‘Nigeria Can’t Tackle Liquidity Crisis In Power Sector Without Cost Reflective Tariff’


Mallam Abdul- Azeez Abdullahi, Head of Corporate Communication,Kaduna Electricity Distribution Company, in this Interview with MOHAMMED SHOSANYA, spoke on  the issues in the nation’s power sector, his company’s performance and expansion drive in the future. Excerpts:

Five years after privatisation of Nigeria’s power sector, how would you describe the journey so far?

It has been very hectic, challenging and exciting. Since we took over in 2014, we have had to do a restart of our operations starting with an ‘As Is’ study to determine the true state of our network and infrastructure and also conduct an ATC&C loss study to find out the exact loss levels of the company.

These were painstaking exercises that had to be done so that we can focus on the future with a certain level of assurance.

The task then for us was to blend the few old staff we retained and the new that was brought in. We also have had to deal with the challenge of re-orientating customers to see electricity as a commodity and begin to pay their bills regularly.

Sadly many still see it as a social service hence are reluctant to pay. This of course is detrimental to us and  the entire value chain.       

Nigerians are worried that electricity discos got government intervention fund despite failure to guarantee uninterrupted power supply. What is your take on the development?

The CBN intervention in 2015 was meant to augment the shortfall in tariff which the discos were suffering.

As you know we still do not have a cost reflective tariff so in order to cushion the effect of that on our operations, government gave that intervention through the CBN which was in fact a loan not a freebie.

The idea that government gives intervention to discos is actually erroneous as there have no such free money given to discos by the government since privatization.    

There are worries by some investors that the nation’s power sector would collapse if the current tariff reversal is sustained.

Why are the Discos contemplating on tariff hike when they ought to have done due diligence on the asset and the structure of the nation’s economy before acquiring same?

With regards to tariff, I believe every right thinking person recognises that no business can survive when the cost of producing its product is far higher the price it sells it. You cannot produce a product at say N100 and sell it for N60 and expect to be in business for long. That is the situation we are facing and I think even the Federal Government recognises that as both the vice president and minister of power have made pronouncements to that effect in the past.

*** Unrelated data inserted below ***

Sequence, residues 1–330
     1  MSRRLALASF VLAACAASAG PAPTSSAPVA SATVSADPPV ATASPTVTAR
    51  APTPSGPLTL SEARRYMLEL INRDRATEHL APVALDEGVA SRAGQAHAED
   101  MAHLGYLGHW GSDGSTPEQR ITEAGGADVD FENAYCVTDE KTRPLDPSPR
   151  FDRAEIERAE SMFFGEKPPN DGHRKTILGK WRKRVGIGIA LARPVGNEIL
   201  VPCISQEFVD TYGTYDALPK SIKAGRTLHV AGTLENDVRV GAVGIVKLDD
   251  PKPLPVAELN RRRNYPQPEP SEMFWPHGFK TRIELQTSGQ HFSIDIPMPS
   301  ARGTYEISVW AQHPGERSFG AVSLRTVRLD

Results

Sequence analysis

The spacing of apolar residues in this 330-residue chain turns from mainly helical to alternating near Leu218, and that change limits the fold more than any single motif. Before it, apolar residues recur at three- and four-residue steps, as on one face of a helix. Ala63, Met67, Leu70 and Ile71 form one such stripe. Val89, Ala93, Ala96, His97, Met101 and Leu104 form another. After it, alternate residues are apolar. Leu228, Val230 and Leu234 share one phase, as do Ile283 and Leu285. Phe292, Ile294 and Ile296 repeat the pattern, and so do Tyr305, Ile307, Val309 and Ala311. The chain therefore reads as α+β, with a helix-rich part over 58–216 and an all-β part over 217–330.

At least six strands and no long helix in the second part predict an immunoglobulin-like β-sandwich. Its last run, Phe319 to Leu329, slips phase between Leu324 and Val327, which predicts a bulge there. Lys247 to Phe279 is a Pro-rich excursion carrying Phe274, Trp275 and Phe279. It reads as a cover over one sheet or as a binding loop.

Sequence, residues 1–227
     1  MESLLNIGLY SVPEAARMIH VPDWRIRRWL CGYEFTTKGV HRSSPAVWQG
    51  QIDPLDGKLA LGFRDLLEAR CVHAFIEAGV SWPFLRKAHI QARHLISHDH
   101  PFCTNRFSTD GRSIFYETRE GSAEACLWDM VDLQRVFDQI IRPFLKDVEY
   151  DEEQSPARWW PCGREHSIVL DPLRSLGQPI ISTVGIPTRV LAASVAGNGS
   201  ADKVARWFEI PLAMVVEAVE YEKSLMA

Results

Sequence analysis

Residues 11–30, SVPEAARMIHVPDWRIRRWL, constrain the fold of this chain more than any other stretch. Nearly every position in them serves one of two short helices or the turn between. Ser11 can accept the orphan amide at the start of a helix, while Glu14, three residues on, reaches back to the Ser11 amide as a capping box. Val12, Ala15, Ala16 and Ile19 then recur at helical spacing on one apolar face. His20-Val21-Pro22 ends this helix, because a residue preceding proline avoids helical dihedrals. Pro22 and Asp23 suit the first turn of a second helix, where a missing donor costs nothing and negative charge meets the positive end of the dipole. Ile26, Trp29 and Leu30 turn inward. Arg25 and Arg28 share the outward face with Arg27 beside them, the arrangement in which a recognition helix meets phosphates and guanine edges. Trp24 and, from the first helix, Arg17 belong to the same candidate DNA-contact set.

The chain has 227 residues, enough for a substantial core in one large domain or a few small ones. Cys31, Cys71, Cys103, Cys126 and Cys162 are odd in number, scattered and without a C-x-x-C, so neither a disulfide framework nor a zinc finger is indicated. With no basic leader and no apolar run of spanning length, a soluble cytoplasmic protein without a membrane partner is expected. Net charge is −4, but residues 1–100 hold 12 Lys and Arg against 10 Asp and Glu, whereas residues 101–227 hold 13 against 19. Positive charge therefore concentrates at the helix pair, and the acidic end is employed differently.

The challenge for the government I think has always been how to pass the burden on the masses without any political consequence. But that does not mean we should close our eyes to the harsh reality that this business is not sustainable with the current tariff regime in place. If this is not addressed, we will continue to grapple with the liquidity issue bedevilling the sector at the moment. 

What is your position on the capital expenditure benchmark of N50billion set for power distribution companies by NERC?

It does not help the business particularly in this current situation where customers are not paying their bills as they should. Our operations are diverse and costly. If you take metering for example, every customer yearns for a meter and discos have come under a lot of criticism for not metering customers but no one cares to ask what the cost of metering is.

When we procured about 50,000 meters in 2016, it cost us N25 billion which is half of the set benchmark. We have to also undertake other capital projects like network expansion and upgrade invest in ICT, buy operational vehicles and equipment.

All these cost a lot and cannot be fully financed under the capped amount.

It will interest you to know that even the benchmark was arrived at based on certain parameters which include a cost reflective tariff being in place with the assumption also that discos can be able to improve their collection efficiencies significantly.    

How do you see the current drive by government to increase power generation through solar and nuclear power projects?

I would say it is a welcome development. We need all energy sources to be harnessed so that we can have electricity sufficient for our needs as a nation.

It is sad that a nation of nearly 200 million people is grappling with just about 4,000 MW when countries like South Africa, Egypt are doing nearly 20,000 to 40,000 MW.

To what extent has the current foreign exchange scarcity affected your operation and what have you done to mitigate its impacts?

Our business relies a lot on forex particularly when we need to purchase meters from abroad, so the scarcity is indeed a bottleneck. Remember also that generation companies pay for gas they buy in dollars and any fluctuations in price of the dollar or its availability is transferred to us when NBET invoices us for electricity supplied to us. When the Federal Government banned some sectors from accessing forex at CBN , we were shocked at the start when the power sector was not included in the list of those to be given access to it by CBN, it took some lobbying before that was done which is a relief.